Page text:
Duty is an often overlooked component in the relatively complicated intersection of standing and administrative law. The Supreme Judicial Court stated in

The

This much of the court's opinion was fairly consistent with the Superior Court's ruling, albeit stated in different terms, and might have been sufficient to resolve the plaintiffs' claims. However, the Appeals Court chose to go on to discuss the nature of the regulatory scheme and the public's role in it. Specifically, the Appeals Court observed that the municipal harbor plan regulations set forth a detailed regulatory scheme that provides only for public hearings, comments, and reconsideration, and not for any broader right of judicial review. The court stated that this type of advisory role was consistent with the public's role under the Massachusetts Environmental Protection Act 301 CMR 11.00 ("MEPA"), which the Supreme Judicial Court had discussed in

Taking this analysis as a whole, the Appeals Court appears to be more than willing to employ the duty portion of the standing analysis, and largely as a result, views the municipal harbor plan program and MEPA similarly with regard to standing. While that clearly means that abutters alleging private harms will not have standing under either scheme, perhaps the more interesting point is that the Appeals Court went to the trouble of including an analysis of the public's role in the scheme. The court's conclusion that MEPA and the municipal harbor regulations treat the public's involvement similarly, likely means that the court intends to interpret standing under both programs in the same limited fashion regardless of the identity of the plaintiff. Consequently, in most cases, there probably will not be judicial review of the merits of municipal harbor plan decisions using causes of action such as declaratory judgment, certiorari, or chapter 30A administrative review.

This conclusion should be of significance not only to parties interested in waterfront development, but also to any practitioner regularly dealing with standing under administrative schemes, because it adds one more concrete example to a relatively small world of cases where Massachusetts courts have determined that the public's participation in the administrative process does not necessarily require a right to judicial review on the merits. It also adds further support to the conclusion that the legislature and public agencies may create rules that require an official to make open, informed decisions by consulting the public, without concern that such a consultation requirement will create a multiplicity of litigation that ultimately stagnates the effectiveness of the regulatory program.

Thus, on its face, the most specific point to take away from the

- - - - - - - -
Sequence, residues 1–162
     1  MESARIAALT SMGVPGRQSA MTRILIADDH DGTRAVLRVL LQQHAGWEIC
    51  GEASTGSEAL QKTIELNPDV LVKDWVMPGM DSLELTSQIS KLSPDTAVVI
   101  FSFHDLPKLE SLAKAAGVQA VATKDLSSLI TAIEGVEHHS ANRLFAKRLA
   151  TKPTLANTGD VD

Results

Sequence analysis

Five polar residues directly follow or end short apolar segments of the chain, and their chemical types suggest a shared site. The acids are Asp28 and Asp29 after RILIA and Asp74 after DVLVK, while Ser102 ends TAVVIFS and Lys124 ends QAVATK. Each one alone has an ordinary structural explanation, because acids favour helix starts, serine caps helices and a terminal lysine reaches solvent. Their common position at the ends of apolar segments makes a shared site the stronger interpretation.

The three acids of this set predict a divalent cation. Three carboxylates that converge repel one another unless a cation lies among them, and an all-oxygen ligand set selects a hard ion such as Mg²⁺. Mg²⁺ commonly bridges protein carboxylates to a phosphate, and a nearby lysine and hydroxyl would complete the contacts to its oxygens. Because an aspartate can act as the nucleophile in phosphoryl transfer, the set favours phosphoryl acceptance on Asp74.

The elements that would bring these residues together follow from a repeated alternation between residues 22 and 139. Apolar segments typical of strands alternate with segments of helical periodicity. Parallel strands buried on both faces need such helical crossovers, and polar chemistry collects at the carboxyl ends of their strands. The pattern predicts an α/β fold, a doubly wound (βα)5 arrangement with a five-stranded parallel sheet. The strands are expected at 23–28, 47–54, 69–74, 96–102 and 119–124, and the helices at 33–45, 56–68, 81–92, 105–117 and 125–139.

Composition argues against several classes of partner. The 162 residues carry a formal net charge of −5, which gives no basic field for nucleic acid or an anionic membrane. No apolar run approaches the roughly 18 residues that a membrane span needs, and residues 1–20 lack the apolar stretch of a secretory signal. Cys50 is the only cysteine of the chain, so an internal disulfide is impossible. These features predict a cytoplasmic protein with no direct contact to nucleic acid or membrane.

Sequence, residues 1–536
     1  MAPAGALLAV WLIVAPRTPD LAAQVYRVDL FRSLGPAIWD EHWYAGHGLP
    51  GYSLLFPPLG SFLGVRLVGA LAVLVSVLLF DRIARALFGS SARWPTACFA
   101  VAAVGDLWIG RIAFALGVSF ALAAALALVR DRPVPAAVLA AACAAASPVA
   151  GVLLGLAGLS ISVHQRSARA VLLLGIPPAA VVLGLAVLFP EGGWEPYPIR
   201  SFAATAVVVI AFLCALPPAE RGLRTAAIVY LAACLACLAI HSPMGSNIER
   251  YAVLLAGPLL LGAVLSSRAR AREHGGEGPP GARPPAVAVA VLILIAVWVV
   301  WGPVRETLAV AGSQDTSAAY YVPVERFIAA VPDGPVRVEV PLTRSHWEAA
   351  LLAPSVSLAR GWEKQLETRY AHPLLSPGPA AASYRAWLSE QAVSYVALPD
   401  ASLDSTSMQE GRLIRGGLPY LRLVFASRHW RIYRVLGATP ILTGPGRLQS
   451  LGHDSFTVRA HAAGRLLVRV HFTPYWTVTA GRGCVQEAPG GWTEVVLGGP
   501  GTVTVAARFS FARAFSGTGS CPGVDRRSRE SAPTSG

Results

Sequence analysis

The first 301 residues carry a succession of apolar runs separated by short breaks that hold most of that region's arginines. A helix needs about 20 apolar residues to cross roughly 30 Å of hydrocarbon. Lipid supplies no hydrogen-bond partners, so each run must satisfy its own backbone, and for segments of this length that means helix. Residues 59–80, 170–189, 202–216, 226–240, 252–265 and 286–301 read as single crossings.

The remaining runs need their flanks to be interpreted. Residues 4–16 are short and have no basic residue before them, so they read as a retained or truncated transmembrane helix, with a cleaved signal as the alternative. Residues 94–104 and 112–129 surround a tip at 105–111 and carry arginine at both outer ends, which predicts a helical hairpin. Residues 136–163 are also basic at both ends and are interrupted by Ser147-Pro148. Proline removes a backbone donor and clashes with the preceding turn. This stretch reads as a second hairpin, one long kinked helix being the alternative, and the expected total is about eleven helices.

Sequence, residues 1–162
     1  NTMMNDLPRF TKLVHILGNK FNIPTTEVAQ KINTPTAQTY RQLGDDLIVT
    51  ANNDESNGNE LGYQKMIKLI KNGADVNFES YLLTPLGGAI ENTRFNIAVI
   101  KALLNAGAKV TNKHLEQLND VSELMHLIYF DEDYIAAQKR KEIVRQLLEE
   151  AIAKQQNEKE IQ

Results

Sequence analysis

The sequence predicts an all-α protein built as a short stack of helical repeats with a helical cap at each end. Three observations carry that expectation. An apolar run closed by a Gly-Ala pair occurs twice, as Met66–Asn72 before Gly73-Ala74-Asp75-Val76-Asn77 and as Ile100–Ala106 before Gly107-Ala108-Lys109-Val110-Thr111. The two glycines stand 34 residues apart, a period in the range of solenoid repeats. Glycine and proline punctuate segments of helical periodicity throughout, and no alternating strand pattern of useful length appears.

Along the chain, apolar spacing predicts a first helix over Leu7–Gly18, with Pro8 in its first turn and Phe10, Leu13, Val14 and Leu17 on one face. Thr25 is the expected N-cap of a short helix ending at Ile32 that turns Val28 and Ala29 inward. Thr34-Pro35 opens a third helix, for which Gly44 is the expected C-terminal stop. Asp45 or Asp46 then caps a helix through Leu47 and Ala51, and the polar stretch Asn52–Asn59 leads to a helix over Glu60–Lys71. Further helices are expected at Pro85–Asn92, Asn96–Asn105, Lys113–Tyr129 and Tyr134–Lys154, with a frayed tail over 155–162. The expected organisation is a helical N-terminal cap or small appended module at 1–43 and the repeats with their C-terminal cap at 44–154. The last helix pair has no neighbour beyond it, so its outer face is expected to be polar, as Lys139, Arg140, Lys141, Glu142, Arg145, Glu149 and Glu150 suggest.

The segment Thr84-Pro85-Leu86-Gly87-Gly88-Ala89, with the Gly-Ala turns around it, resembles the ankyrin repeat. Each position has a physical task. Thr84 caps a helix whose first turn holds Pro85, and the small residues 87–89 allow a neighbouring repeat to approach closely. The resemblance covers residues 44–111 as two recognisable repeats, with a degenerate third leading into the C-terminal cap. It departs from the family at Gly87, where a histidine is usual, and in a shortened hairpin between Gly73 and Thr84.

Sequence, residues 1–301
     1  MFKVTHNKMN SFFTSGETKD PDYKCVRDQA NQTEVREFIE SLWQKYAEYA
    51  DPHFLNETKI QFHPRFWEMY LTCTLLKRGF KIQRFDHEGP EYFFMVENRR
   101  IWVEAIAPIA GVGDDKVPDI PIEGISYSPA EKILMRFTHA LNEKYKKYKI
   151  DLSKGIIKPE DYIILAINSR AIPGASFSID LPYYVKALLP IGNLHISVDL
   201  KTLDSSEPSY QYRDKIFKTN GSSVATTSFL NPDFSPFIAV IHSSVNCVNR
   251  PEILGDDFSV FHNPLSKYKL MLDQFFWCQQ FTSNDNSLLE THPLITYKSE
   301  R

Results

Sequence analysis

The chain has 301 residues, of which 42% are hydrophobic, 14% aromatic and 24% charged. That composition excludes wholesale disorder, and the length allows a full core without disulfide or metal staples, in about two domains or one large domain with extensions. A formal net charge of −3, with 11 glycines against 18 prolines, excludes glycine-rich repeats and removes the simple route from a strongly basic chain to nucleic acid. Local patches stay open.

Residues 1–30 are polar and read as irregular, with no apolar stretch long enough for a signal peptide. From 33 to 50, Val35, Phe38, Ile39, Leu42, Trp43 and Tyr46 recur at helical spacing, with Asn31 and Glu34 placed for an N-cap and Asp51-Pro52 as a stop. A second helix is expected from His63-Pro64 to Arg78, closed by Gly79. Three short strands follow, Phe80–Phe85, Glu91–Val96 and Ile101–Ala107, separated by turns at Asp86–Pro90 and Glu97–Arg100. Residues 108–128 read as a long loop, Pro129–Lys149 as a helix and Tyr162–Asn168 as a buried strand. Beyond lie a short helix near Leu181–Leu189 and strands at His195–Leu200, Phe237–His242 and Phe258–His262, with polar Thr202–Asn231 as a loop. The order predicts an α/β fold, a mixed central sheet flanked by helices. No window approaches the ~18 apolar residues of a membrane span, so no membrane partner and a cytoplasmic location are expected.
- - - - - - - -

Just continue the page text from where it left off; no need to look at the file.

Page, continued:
Hertz v. Secretary of Executive Office of Energy and Environmental Affairs, may ultimately be of more interest to practitioners beyond the context of waterfront development than within it. Hertz flowed from, and thus requires a brief explanation of, the nature of the municipal harbor plan scheme. Pursuant to the municipal harbor plan regulations at 301 CMR 23.00, a municipality may propose a municipal harbor plan, or an amendment to an existing plan, in order to make limited alterations to the baseline Mass. Gen. Laws ch. 91 ("chapter 91") standards that govern a particular waterfront area. The scheme gives municipalities a say in the permitting of their waterfronts and allows state regulators to take account of local community objectives and priorities as well as harbor-specific conditions. Logistically, the process entails the filing of an application with the Secretary of the Executive Office of Energy and Environmental Affairs ("EEA") that includes the requested alterations to chapter 91 standards, the municipality's objectives, and suggested offsets to the impacts to the proposed alternate standards. The overall plan must promote the Commonwealth's interests in tidelands with equal or better effectiveness than the baseline regulatory standards. Ultimately, EEA has discretion to approve, deny, or modify a requested plan or amendment, however EEA does so only after receiving input through public hearings and written comment. The final plan amounts to an overlay on all or part of a harbor in which the alternate standards are applied during the chapter 91 licensing process if a project meets the offsetting requirements set forth in the plan. Hertz grew out of a dispute between the residents of an upscale condominium development and the City of Boston over the city's redevelopment plan for the neighboring "Lovejoy Wharf" building and wharf complex. Lovejoy Wharf should be familiar to many by sight, if not by name, as the derelict building and wharf that perches on Boston Harbor adjacent to the Boston Garden and the Land Court. The plaintiffs' condominiums sit just landward of Lovejoy Wharf, on the floors above the Land Court. Conflict began during the public participation segment of the city's request to amend the Boston Harbor Municipal Harbor Plan in 2006. The requested amendment allowed certain changes to be made to the Lovejoy Wharf building that would not normally have been permitted under chapter 91 licensing. The change the plaintiffs were most concerned about was an increase in height that would allow the shorter Lovejoy Wharf building to be built to a height even with the plaintiffs' building, and as a result, to block the view from their condominiums.Hertz was intended to facilitate revitalization of the section of the harborfront next to the garden and the Zakim Bridge. This area included the Lovejoy Wharf building and wharf, the plaintiffs' building, and a portion of the water. The city decided to deal with this section in two phases. First it submitted an amendment in 1999 for the area that focused on the plaintiffs' building, which allowed the plaintiffs' building to be built to its current height. Second, the city proposed the 2006 amendment to deal with the Lovejoy Wharf building and wharf. The amendment requested an increase in height even with the plaintiffs' building, but proposed as mitigation, the construction of public amenities including a waterfront viewing area and visitor center, a harborwalk with landscaped areas and connections to improve pedestrian access, and a boat dock that would encourage use of the largely abandoned wharf. Higgins v. Department of Environmental Protection, 64 Mass. App. Ct. 754 (2005). There, the court had concluded that neighbors to a chapter 91 project had no standing under that regulatory scheme for harms to their view and access to their private office building, because chapter 91 was concerned with the public's views from public places, not private ones. If the chapter 91 program was not concerned with views from private property in Higgins, it made simple sense that the municipal harbor plan regulations, a public planning scheme with similar interests that overlays the chapter 91 program, was also unconcerned with views from private property in Hertz. However, perhaps in response to the plaintiffs' complaints that the Superior Court did not pay enough attention to their affidavits, the Appeals Court did not spend much time discussing standing in terms of whether a particular type of harm fell within the area of concern of the regulations. Instead, the court focused on who the plaintiffs were and what EEA's duty was to them. Enos v. Secretary of Environmental Affairs, 432 Mass. 132 (2000) that, in addition to the other considerations involved in determining standing, such as the area of concern of a statute and the availability of other remedies, "standing usually is not present unless the governmental official or agency can be found to owe a duty directly to the plaintiffs." Id. at 136. Massachusetts courts, however, have not consistently stressed this duty component of standing. This might be explained by the fact that one can understand the duty component as an alternative method with which to examine the area of concern of a statute when the government is a party to the case. If a statute does not create any duty for an official to perform for a particular person, then it is unlikely that the person can state any harm to them caused by the official that is within the scope of the statute. Hertz court set up its standing analysis in terms of duty. The court noted that, contrary to the plaintiffs' claims, the regulations do not grant them any special presumption of standing as abutters, nor does it make them "aggrieved persons." Moreover, the regulations have no provisions for judicial review whatsoever. Based upon these facts, the court concluded that the regulations created no right in these plaintiffs to redress the private injuries they set forth. Essentially, in the terms of the duty analysis, the court concluded that the regulations did not create any duty that EEA owed to abutting private condominium owners concerning their private space. EEA has a general duty to involve the public through notice and comment, but not to grant any special consideration to an abutter's view, particularly when it creates a detriment to the public at large. On this basis, the plaintiffs, in their capacity as abutting condominium owners, did not state any harm within the concern of the regulations. This makes sense because the regulations set the interests of the public at large as the priority, over and above any particular person's private interest. Given these priorities, it would have been strange for the court to conclude that that a group of abutting neighbors could use such a regulatory scheme to prevent the creation of a project that would benefit the public at large because of a potential cost to the neighbors' view. Enos. Comparing Enos, the Hertz court noted that a detailed review of MEPA revealed no legislative intent that persons like the plaintiffs should be able to seek judicial review of the merits of EEA's determination. Based upon this analysis, the court detected no intent to allow the plaintiffs judicial review in Hertz. Bolstering this conclusion, the court also observed that a right to judicial review for these types of private harms would subject almost all municipal harbor projects to litigation and cause a great deal of delay in a program that was seemingly designed to limit the role of public participation. At the same time, the court took note of the fact that the plaintiffs' had other opportunities for judicial review without the creation of a new cause of action, through the underlying chapter 91 process. Hertz opinion is that the municipal harbor plan regulations will not serve as a new path to challenge waterfront development. Plaintiffs seeking review of that type will have to resort to the more well-traveled paths of chapter 91, the Wetlands Protection Act, and municipal zoning appeals. However, for those interested in the complex and sometimes-shifting standing case law of the commonwealth, the Hertz case also provides insight into appellate courts' understanding of the duty prong of standing analysis while giving practitioners another example of a type of regulatory scheme that allows public consultation without creating a new cause of action.